12. Hot Blooded (Double Vision, 1978). Before Hot Blooded KH said, “Thank you for letting us in your home. We are jazzed to entertain you. We had a great time.” Hot Blooded began with MJ’s chugging mid tempo guitar chord progression on his tobacco sunburst Gibson Les Paul. Interestingly, the song began with a catchy chorus as KH sang, “Well, I’m hot blooded, check it and see. I got a fever of a hundred and three. Come on baby; do you do more than dance? I’m hot blooded, I’m hot blooded.” KH then sang the first verse augmented by MJ’s solid mid tempo guitar chord progression. The tempo slightly slowed down while KH sang the first pre chorus augmented by MB’s keyboards, “Now it’s up to you, we can make a secret rendezvous. Just me and you, I’ll show you lovin’ like you never knew.” The tempo slightly escalated while KH sang the second chorus and verse with the latter featuring a series of searing MJ guitar runs. KH then sang the second pre chorus and third chorus followed by MJ’s guitar solo. The song ended with the fourth chorus. The band took a bow and left the stage. Two flashback memories are worth mentioning. First, I recall sneaking into my sister’s bedroom in 1977 while she, who I will call She-Fro, stood 15 feet away in her bathroom combing her afro using a brush the size of a waffle iron. I wanted to shut off her stereo because I was too young to appreciate Feels Like the First Time blasting on her stereo and her off key humming of the melody. Steadfastly clutching my Darth Vader Star Wars action figure in one hand I used the other to hit the stereo tuners “Off” button, and then I bolted. Having witnessed this covert act on prior occasions, She-Fro was on guard even though she had a look of intensity in her eyes as she stroked her Afro as if meticulously adjusting the thick frosting on a wedding cake for the British royal family. She-Fro chased me brandishing the waffle iron as a weapon and struck my thigh, eventually creating a bruise. Using crude forensics I meticulously rummaged through my multi colored marker collection and found a taupe colored marker that replicated the bruise’s hue. A week or so after the bruise subsided I used the marker to create a fake bruise mark on my thigh. I sheepishly showed the bruise to my mom when she got home. With an angry tone my mom asked how I acquired the bruise. When I apprised my mom of the assailant she stormed into She-Fro’s room and slammed the door shut as if closing the lid on the soon to be reprimanded She Fro’s coffin. I got the last laugh.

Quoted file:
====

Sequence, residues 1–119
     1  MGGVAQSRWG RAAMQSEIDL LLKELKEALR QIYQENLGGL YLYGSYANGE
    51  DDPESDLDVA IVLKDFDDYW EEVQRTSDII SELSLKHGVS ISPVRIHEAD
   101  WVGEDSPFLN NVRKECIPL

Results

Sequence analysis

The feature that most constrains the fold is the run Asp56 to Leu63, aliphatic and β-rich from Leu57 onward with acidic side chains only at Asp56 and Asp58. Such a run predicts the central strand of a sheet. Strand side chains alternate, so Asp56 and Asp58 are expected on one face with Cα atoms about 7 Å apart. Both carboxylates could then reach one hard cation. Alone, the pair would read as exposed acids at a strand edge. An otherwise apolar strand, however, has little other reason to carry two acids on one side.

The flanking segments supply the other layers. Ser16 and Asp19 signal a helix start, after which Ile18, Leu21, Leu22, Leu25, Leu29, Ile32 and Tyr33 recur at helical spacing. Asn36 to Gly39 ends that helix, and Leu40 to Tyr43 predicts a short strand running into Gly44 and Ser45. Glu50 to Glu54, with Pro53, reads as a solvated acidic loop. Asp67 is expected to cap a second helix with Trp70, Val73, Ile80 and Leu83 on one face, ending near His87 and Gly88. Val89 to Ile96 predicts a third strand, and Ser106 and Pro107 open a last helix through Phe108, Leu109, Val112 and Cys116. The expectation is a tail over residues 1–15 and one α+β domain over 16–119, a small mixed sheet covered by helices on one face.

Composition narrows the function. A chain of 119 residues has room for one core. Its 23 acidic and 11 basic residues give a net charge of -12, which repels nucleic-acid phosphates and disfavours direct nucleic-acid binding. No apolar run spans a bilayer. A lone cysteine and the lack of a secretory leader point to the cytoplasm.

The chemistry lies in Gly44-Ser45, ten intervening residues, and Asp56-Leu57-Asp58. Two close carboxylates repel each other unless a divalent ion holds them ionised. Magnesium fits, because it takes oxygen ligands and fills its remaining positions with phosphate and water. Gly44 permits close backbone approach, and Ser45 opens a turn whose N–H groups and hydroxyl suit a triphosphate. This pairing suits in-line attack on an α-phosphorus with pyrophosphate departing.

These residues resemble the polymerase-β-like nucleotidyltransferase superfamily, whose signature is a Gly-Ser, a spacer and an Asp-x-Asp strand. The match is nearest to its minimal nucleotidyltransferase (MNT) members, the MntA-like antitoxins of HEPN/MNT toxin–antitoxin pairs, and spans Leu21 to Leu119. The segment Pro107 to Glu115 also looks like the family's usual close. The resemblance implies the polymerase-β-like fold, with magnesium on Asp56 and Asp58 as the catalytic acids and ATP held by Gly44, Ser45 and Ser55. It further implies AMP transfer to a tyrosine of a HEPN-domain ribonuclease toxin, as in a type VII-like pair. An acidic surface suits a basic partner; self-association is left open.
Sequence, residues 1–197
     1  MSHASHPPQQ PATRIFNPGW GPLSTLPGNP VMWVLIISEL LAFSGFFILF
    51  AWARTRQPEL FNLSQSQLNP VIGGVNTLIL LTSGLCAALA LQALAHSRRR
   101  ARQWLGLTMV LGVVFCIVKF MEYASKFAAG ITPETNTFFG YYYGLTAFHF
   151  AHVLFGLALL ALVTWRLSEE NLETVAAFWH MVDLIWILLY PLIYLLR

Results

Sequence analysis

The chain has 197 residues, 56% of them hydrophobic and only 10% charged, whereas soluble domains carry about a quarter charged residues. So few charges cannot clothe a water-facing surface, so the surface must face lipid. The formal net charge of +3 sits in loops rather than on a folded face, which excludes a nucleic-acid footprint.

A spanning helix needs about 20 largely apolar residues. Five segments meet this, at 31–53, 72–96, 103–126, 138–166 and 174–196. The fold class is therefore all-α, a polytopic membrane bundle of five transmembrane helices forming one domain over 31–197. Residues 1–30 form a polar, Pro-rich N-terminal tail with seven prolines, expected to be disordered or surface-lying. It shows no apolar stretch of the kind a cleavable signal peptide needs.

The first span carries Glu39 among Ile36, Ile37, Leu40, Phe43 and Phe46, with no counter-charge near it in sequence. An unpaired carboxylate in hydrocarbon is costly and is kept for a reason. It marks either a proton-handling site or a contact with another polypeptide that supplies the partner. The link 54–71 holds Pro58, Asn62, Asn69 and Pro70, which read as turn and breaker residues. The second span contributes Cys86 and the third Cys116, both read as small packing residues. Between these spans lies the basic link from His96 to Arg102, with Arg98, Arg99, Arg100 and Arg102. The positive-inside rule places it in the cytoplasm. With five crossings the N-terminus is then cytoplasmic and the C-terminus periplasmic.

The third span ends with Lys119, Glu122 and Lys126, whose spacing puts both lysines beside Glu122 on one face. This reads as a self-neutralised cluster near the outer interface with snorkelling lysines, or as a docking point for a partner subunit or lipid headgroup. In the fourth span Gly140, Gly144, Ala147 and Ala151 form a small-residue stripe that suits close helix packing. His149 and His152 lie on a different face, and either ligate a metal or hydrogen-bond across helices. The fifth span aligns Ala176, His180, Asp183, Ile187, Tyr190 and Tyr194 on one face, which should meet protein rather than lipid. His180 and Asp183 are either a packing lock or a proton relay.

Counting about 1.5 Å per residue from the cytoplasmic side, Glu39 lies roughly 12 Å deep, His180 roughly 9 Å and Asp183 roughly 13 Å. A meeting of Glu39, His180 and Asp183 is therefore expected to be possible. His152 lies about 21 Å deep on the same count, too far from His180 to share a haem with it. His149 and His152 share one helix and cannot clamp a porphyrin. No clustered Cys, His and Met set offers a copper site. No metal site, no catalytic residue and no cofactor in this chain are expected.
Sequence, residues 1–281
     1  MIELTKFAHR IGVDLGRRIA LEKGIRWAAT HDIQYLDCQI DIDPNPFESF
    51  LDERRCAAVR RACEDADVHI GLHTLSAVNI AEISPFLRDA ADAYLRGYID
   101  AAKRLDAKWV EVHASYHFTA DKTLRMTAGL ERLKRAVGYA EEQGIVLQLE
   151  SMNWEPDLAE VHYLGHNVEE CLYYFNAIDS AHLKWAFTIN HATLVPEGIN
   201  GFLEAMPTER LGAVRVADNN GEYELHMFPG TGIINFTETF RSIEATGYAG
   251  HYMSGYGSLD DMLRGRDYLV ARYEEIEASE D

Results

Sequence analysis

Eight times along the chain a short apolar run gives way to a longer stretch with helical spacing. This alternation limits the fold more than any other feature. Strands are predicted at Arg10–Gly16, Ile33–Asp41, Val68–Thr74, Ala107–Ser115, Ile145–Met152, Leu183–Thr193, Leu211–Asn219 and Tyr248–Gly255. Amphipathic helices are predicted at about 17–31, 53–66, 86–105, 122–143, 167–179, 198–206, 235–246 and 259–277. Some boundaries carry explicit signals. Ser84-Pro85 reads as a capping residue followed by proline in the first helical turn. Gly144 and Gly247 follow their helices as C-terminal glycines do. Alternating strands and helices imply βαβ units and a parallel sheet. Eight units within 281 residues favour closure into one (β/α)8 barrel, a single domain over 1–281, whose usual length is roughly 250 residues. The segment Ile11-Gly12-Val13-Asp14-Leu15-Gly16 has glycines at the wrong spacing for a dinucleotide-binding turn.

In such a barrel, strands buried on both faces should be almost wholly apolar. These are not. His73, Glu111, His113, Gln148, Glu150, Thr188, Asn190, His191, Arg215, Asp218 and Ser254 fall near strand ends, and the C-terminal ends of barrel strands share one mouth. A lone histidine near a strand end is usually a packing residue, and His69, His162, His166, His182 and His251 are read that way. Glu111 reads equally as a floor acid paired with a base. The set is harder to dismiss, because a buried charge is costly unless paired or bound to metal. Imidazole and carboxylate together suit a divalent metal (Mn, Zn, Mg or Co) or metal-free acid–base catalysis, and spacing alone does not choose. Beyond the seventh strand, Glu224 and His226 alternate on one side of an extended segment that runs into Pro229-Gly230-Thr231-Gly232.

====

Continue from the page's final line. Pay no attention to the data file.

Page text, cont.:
Second, as I previously mentioned I took my mom, who I will call Mama Kin, to the concert. Mama Kin had a wonderful time throwing the devil horns backstage with the band and enjoying the show. During the set I sneaked a look at Mama Kin and observed her gently bobbing her head and intently watching the raucous blistering show. I now realize the origin of the metal torch I valiantly carry close to my heart. Mama Kin bore the same look of intensity I possessed when I attended my first concert more than 25 years ago. Rock on mom, rock on!
Venue: Concord Pavilion (“CP”) is an outdoor ampitheater built in 1975 and designed by Pritzker Prize-winning architect Frank Gehry and landscape architect Peter Walker. Gehry also designed the Guggenheim Museum in Bilbao, Spain and the Walt Disney Concert Hall in Los Angeles, California. CP was built in response to the East Bay community’s desire to have a venue for the annual Concord Summer Festival. CP is set in a natural bowl below Mt. Diablo. CP was remodeled in 1996 to increase seating and make additional improvements. CP has a 12,500 seat capacity comprised of (1) three tiered seated sections and (2) perimeter lawn section. For a period of time Concord Pavilion was called the Chronicle Pavilion, and it is currently called the Sleep Train Pavilion, both corporate entities that purchased naming rights.
Additional Bands (first to last): Kansas and Styx (co headliner)
Arash Moussavian, Entertainment Law Attorney
All photos taken by Arash Moussavian. This article and all photos are protected by copyright. Please contact me prior to use, or I will make shish kabab of your loins.